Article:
Tom P- I think we all know whose fault that was. Sam Stit. He said you were sleeping and we should just go ahead without you. Seriously though, I don’t remember that. All I remember from that trip was when someone got in a fight with the coach and left. I do apologize however and will buy you a Green San Adams if it happens again.
Wolf- So how much longer do you plan on being in the elite rowing game?
Tom P-I think I will keep rowing at this level as long as I am having fun. I actually like rowing the single so as long as I can train in that boat and still be in good enough shape to go to camp or win trials why not keep going? I was lucky to be on the OJOP program from 2003-2007 and that really helped. Right now I have a great part time job that is really flexible and if I can pay the rent rowing and working there, I think I’m in for another four years. I also am interested to see what it is like with Tim McLaren heading up the coaching staff.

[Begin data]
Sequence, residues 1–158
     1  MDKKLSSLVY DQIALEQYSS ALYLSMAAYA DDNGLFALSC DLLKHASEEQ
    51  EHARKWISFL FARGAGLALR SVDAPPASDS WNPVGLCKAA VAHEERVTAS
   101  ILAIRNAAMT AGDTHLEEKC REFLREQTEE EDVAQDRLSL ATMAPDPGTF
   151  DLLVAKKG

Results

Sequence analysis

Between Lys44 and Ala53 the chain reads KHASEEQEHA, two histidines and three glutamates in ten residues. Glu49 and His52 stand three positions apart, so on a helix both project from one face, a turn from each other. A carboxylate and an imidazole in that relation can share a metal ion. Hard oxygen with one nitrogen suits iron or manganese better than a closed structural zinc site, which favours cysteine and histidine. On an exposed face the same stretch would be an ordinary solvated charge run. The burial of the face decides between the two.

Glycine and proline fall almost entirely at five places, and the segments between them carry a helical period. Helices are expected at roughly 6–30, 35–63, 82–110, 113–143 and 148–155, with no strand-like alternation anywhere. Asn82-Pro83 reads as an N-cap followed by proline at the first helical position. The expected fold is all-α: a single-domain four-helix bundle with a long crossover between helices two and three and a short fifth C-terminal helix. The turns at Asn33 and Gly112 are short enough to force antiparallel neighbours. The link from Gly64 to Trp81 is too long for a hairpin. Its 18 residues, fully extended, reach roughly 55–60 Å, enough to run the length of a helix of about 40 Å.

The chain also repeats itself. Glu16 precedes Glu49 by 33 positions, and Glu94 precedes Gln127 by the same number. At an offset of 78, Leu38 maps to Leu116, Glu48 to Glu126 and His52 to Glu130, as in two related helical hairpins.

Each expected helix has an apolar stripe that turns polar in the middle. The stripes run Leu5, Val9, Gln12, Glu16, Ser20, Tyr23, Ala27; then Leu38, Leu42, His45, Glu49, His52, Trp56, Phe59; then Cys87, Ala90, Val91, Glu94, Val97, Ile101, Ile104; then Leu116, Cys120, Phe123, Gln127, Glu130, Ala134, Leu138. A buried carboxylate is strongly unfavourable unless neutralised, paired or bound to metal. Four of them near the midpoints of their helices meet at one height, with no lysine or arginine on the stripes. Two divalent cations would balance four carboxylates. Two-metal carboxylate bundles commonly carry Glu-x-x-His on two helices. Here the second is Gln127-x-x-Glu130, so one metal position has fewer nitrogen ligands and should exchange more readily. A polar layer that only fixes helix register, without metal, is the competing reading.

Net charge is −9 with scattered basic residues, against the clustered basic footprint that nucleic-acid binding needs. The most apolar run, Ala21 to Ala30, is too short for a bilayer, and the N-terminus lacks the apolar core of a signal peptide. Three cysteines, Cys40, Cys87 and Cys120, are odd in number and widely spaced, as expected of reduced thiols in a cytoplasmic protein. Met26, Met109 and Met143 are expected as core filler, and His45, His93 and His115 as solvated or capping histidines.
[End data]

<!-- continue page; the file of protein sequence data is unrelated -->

Wolf- What is your favorite racing venue?
Tom P- Has anyone not answered this question with Lucerne who has raced there? You can’t beat Lucerne for 2k racing. For head races I like anything with lots of turns and bridges, they are a great distraction from the pain of racing 5k.